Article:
May 17, 2020

Natural Gas: Reshaping Energy in the U.S.

energy digital
Energy
Natural Gas
shale
Admin
2 min
As the industry shifts from oil to more natural gas, the fuel has fallen to a 10-year low
As the nation's natural gas supplies boom, the price of natural gas has dropped to a 10-year low. Natural gas inventories have expanded more than...

 

As the nation's natural gas supplies boom, the price of natural gas has dropped to a 10-year low. Natural gas inventories have expanded more than analysts were expecting over the last week, and are expected to continue to grow over the next few months.

Having natural gas prices as low as they were in the 1990s is helping spur more uses of the fuel, which could change the dynamics of the energy industry. Automakers including GM, Chrysler, Ford and Honda have their own versions of CNG-powered vehicles, while Clean Energy is in the process of expanding its natural gas highway of fueling stations across the country. Natural gas is also starting to displace coal in power generation, which has driven coal's share to the lowest since the 1970s.

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As of now, natural gas is being mass produced as companies extract shale gas in 32 states and off shore. The EIA reports that there is now 2.42 trillion cubic feet in storage, after an injection of 57 billion cubic feet in the past week alone—a record amount of natural gas in storage for this time of year.

In just a few short years, the shale boom in the US could potentially turn the US into a major exporter of the fuel. Given current volumes and demand, many industry experts expect to see low prices for natural gas into the foreseeable future, and with the current overproduction, the US may run out of storage room for supplies, which bring prices down further.

Some oil producers are feeling pain in their bottom line, having to cut costs in the face of the shift from oil to natural gas. Coupled with soaring prices of gasoline, natural gas is sweeping the commercial market and may drastically reshape energy in the US over the next decade.

 

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Jul 13, 2021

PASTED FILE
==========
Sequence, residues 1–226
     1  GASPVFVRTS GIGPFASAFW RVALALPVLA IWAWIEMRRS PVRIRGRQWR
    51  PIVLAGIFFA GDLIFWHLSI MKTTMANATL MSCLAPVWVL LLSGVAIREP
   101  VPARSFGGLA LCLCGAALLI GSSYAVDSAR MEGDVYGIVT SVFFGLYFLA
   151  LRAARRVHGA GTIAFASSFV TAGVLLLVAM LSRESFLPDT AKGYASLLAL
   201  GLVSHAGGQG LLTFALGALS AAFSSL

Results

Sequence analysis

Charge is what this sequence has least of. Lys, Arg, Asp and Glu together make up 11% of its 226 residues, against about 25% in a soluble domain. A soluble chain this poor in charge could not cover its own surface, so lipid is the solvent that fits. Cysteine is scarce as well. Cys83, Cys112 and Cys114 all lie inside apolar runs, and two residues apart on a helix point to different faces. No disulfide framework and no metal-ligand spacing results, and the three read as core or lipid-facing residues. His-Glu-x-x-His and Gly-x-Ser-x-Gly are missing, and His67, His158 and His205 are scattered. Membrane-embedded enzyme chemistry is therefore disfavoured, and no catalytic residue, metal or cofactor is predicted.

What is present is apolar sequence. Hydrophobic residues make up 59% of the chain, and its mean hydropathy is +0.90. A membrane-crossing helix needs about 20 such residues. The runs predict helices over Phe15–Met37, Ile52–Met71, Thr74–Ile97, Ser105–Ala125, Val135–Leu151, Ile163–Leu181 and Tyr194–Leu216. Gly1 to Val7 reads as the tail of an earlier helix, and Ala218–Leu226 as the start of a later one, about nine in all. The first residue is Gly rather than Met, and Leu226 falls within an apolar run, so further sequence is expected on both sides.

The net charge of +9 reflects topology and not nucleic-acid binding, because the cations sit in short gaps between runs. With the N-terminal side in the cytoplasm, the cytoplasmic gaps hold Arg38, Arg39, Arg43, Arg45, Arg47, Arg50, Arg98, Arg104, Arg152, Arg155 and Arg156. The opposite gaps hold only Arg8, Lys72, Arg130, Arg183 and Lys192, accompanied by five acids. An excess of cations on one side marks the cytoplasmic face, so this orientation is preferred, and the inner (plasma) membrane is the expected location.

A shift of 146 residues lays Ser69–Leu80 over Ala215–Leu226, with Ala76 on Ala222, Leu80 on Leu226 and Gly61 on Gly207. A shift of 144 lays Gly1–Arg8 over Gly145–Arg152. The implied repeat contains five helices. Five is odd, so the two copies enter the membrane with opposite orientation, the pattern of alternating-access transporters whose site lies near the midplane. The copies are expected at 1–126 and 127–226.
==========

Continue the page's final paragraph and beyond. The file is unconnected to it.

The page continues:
Technology revolution for water retailers

Utilities
technology
IoT
digitaltransformation
Paul Williams
4 min
Paul Williams, Chief Technology Officer at Everflow Tech, reflects on privatisation, industry complexities and future for utilities in a digital world

In April 2017, the UK’s water retail market in the world opened for business – the single biggest change to the water sector since privatisation. This development allowed businesses, charities and public sector organisations to shop around for the best deal.
However, like any industry, this change hasn’t been without its sticking points; here, Paul Williams, CTO at Everflow Tech (pictured far right), discusses how retailers can harness technology to their advantage

Our CEO, Josh Gill, set up independent retailer Everflow Water in 2015, and Everflow Tech is his response to the difficulties it faced.

Quotations could take up to a week to produce, billing software had to be manually updated and brokers were unable to manage the complete customer journey in one place – all of which took time, cost money and allowed for human error.

The more complexity that was involved in billing or quoting, the more contact end customers needed to have with their retailers, pushing up the cost to serve for every SPID. This meant retailers – ourselves included – found themselves in a situation where profits were simply eaten up by service costs.

We also note that it can traditionally be hard for retailers to stay on top of balancing what they are charging their customers with what they are being charged by the market. To further exacerbate this, the longer a change goes unnoticed, the more trouble it can be to balance the issue.